Grateful Hearts.

I am so thankful for each and every one of you. Each time I have come here to celebrate the boys, you have cheered us on. Every time I have come here broken hearted, you have lifted us up.

To each of you that has commented, messaged, called, texted, and sent goodies. Thank you! You all have reached out to your vets and your rescue communities to try and help us and I am forever grateful. And thank you for raising the most wonderful minis!

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The Christmas after Melvin died I was going through the decorations and I had a bunch of stockings with his name on them. I vowed to never do stockings again so that I wouldn’t have to have a void where his should be. When Jake died and Doug came and Christmas followed, I felt fine about my decision. We are living proof that Christmas still occurs even if you don’t have stockings. But this year, with Doug’s health improving and Bob being here, I leapt into faith and got them matching stockings with their names on them. As I was undecorating this week, and it came to those stockings, there was a painful pause. I put them in the box and I prayed that my future self would be able to handle opening that box next year if Doug isn’t here.

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Doug’s disease was always going to be. In the same way he and I were written in the stars, so was this diagnosis. Doug and I are not the sum of what is coming. We are the sum of every second of every minute of every day that we have had. We were sent to each other, so neither of us would be alone. Don’t forget, he came to me during the darkest days of grief. I owe him a debt of love that is infinite.

In the time since Jake died, I have given a lot of thought to adopting another special needs dog. To be honest, up to now, I didn’t think I could do it again. Not so much the taking care of (that’s just love), but the void that is left when a special needs dog dies. There are still nights that I wake up to help Jake. I’m not sure when that will stop.

Turns out, Doug is that dog. And all of me is 100% ready and 100% terrified and 100% armed with joy and 100% heartbroken. All of those things can absolutely exist at once.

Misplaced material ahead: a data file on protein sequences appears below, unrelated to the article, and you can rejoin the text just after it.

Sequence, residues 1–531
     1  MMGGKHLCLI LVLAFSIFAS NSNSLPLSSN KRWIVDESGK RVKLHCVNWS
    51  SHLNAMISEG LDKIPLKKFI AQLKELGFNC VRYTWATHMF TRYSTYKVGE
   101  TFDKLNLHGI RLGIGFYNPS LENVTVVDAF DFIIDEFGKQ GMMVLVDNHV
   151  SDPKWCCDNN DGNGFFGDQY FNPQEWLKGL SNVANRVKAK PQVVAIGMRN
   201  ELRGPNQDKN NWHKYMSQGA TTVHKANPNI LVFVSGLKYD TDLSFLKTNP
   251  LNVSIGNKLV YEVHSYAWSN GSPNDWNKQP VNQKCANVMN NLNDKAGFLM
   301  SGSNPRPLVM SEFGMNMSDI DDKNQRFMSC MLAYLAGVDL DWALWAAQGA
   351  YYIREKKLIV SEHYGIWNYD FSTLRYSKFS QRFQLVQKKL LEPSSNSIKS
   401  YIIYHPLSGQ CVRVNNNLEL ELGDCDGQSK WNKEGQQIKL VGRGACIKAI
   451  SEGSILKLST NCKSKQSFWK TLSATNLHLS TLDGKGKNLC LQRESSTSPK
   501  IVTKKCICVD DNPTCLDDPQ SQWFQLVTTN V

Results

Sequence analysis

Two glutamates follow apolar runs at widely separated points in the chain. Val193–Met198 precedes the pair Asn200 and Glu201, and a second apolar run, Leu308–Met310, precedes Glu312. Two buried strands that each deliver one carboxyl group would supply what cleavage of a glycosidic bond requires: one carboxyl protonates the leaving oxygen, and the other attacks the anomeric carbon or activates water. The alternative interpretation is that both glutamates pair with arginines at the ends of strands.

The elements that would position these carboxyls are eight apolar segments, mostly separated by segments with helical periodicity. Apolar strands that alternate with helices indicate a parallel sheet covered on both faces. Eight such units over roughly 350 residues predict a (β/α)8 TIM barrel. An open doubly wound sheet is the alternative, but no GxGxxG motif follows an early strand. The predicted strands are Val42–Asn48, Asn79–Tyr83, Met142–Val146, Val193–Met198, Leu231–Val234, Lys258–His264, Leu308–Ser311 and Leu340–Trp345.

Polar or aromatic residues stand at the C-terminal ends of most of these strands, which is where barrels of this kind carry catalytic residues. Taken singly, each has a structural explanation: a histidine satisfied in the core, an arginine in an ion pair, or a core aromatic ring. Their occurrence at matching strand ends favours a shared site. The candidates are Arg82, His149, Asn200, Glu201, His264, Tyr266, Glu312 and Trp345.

We had arranged to buy another cart for a Frenchie in Jake’s rescue. We were just waiting on them to place the order and give us the amount. The invoice came the evening I found out about Doug’s genetic test. Paying that bill, still brought joy. And Doug and I celebrated that a little frog dog named Dorey was about to start a beautiful new chapter. Sometimes, in darker moments, you have to be or see the joy in someone else’s life.

I am happy to report there have been no changes in Doug’s symptoms over the past two weeks! We have started seeing a new rehab specialist who wants to teach Doug how to live in an unbalanced world before the NCL hits him harder. And that means, we are back in rehab with his girlfriends! I am also setting up acupuncture and a nutritionist.  We have found one Am Staff that went through this, and our vets are working to learn all they can from that case.

Harem, check. Treats, check! IMG_9182

My wiggly warrior.

Zonked on the way home.

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Happy New Year!

xoxo

t&d

Neuronal Ceroid Lipofuscinosis.

It’s been a week and I still can’t pronounce it.

I continue to look for someone who has been through this disease with their dog. If I can’t find one person among any breed, I’m not sure how I will find someone with an Am Staff.

My emotions range from heartache that this is happening, to moments of rage that this is happening.

As I have mentioned, Doug has always been clumsy. His hind legs may be bionic but apparently for Doug, bionic = mediocre. He has never been able to stop himself when he is running too fast inside the house, just ask the 50 things he runs into daily. Going down the steps in the morning he goes three at a time and going up in the evening, is very, very slow.  That has pretty much been him since the day I got him, before and after the leg surgeries.

So a few months ago, I just thought he was more clumsy. It was cooler, maybe his arthritis was acting up . There were a few times early on, that he tipped over, but since I couldn’t anticipate it happening, I never really saw what preceded it. I thought he tripped, or turned a leg the wrong way and it gave out. The first time he fell off the couch, he was sleeping. So when it happened again the same day when he was awake, I thought nothing of it. We all have those days.

At no time did I think that he was dying. Because I had talked myself out of thinking that way the first year with him. I would say: it won’t be like Melvin. It won’t be like Jake. Have faith.